OBJECTIVE: To understand the psychological processes involved in the experiencing of suffering at the end phase of life.
METHODS: Semistructured interviews were conducted with 20 palliative care inpatients from an academic medical centre in Kuala Lumpur, Malaysia. The transcripts were thematically analysed with NVIVO9.
RESULTS: 5 themes of psychological processes of suffering were generated: (1) perceptions, (2) cognitive appraisals, (3) hope and the struggles with acceptance, (4) emotions and (5) clinging. A model of suffering formation was constructed.
CONCLUSION: The findings may inform the development of mechanism-based interventions in the palliation of suffering.
OBJECTIVE: To study the efficacy of 5 minutes of mindful breathing (MB) for rapid reduction of distress in a palliative setting. Its effect to the physiological changes of the palliative cancer patients was also examined.
METHODS: This is a randomized controlled trial. Sixty palliative cancer patients were recruited. They were randomly assigned to either 5 minutes of MB or normal listening arms. The changes of perceived distress, blood pressure, pulse rate, breathing rate, galvanic skin response, and skin surface temperature of the patients were measured at baseline, after intervention, and 10 minutes post-intervention.
RESULTS: There was significant reduction of perceived distress, blood pressure, pulse rate, breathing rate, and galvanic skin response; also, significant increment of skin surface temperature in the 5-minute MB group. The changes in the 5-minute breathing group were significantly higher than the normal listening group.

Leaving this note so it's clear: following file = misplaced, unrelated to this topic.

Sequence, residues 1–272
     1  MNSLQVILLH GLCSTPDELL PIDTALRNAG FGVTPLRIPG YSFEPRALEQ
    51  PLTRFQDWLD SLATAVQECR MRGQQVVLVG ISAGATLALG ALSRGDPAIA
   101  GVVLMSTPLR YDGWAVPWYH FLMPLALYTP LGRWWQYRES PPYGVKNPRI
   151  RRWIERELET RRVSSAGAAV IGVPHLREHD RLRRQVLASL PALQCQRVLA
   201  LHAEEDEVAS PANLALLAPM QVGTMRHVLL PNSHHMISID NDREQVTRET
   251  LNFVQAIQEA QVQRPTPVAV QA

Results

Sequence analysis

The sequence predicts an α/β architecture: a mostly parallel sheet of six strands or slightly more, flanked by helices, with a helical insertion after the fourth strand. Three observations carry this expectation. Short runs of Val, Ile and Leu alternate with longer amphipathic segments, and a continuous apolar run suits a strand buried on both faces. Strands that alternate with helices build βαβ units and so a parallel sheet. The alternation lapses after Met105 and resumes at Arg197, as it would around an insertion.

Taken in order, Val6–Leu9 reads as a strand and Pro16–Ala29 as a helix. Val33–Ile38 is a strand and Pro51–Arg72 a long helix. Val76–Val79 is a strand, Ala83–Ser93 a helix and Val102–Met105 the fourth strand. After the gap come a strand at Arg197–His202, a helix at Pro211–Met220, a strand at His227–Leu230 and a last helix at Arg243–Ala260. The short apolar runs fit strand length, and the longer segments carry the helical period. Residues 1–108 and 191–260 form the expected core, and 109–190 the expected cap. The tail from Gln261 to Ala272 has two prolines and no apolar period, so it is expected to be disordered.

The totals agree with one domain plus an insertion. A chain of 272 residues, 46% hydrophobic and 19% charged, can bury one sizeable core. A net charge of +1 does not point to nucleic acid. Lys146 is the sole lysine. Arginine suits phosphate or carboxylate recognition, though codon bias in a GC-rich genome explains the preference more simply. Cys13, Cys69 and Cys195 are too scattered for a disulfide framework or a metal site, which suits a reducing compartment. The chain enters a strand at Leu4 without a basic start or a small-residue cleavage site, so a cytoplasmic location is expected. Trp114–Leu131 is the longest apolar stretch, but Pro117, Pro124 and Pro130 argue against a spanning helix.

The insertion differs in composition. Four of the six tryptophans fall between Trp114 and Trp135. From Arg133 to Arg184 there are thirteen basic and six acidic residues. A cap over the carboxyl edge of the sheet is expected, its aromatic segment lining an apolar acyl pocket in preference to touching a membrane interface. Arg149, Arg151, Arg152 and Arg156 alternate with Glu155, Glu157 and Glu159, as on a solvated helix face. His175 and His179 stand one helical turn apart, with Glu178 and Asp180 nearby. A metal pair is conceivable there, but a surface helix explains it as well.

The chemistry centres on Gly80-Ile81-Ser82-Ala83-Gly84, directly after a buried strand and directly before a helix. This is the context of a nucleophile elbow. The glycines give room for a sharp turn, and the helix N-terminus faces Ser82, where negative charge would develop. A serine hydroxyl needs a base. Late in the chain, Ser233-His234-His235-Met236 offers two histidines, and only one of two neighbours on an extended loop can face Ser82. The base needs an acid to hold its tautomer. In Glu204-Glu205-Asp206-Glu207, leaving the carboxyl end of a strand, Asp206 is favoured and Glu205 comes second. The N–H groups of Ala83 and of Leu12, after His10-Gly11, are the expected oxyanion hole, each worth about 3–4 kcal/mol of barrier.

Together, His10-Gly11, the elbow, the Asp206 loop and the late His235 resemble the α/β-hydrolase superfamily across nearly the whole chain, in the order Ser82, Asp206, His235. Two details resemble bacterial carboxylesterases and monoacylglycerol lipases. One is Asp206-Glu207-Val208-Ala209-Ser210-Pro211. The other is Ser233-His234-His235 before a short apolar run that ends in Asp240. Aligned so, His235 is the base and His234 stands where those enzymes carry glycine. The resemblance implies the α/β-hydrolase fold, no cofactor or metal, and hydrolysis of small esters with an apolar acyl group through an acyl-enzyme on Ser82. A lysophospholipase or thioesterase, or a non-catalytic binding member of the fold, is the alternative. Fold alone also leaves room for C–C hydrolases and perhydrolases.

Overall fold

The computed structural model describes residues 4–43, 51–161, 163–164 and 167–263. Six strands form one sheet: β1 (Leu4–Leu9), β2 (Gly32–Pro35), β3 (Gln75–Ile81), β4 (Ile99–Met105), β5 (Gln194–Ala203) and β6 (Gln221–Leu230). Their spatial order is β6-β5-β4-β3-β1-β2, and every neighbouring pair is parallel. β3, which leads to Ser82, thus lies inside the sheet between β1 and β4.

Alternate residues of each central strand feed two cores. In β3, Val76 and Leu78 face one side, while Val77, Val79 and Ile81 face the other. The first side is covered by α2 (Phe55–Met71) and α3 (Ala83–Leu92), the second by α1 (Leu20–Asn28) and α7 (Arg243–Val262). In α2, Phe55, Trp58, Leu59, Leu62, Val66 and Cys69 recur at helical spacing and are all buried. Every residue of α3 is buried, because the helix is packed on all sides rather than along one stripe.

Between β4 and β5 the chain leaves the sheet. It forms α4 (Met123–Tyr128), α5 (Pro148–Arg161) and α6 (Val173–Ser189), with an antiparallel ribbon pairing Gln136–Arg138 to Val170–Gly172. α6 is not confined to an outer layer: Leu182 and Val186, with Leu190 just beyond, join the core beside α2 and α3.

CONCLUSION: Five-minute MB is a quick, easy to administer, and effective therapy for rapid reduction of distress in palliative setting. There is a need for future study to establish the long-term efficacy of the therapy.
AIM: To investigate the attitudes and perceptions of morphine use in cancer pain in advanced cancer patients and their caregivers and to examine the influence of caregivers' attitudes and perceptions on patients' acceptance of morphine.
DESIGN: Qualitative study involving semi-structured individual interviews transcribed verbatim and analyzed thematically.
SETTING/PARTICIPANTS: A total of 18 adult opioid-naïve patients with advanced cancer and 13 caregivers (n = 31) were recruited at a private tertiary hospital via convenience sampling.
RESULTS: Attitudes and perceptions of morphine were influenced by previous experiences. Prevalent themes were similar in both groups, including perceptions that morphine was a strong analgesic that reduced suffering, but associated with end-stage illness and dependence. Most participants were open to future morphine use for comfort and effective pain control. Trust in doctors' recommendations was also an important factor. However, many preferred morphine as a last resort because of concerns about side effects and dependence, and the perception that morphine was only used at the terminal stage. Caregivers' attitudes toward morphine did not affect patients' acceptance of morphine use.
CONCLUSION: Most participants were open to future morphine use despite negative perceptions as they prioritized optimal pain control and reduction of suffering. Focused education programs addressing morphine misperceptions might increase patient and caregiver acceptance of opioid analgesics and improve cancer pain control.
Methods: This was a cross-sectional study of patients with non-valvular atrial fibrillation (NVAF) or venous thromboembolism (VTE) on long-term anticoagulant therapy attending the cardiology clinic and anticoagulation clinic of the University Malaya Medical Centre from July 1, 2016, to June 30, 2018. Patient QOL was assessed by using the Short Form 12 Health Survey (SF12), while treatment satisfaction was assessed by using the Perception of Anticoagulation Treatment Questionnaire 2 (PACT-Q2).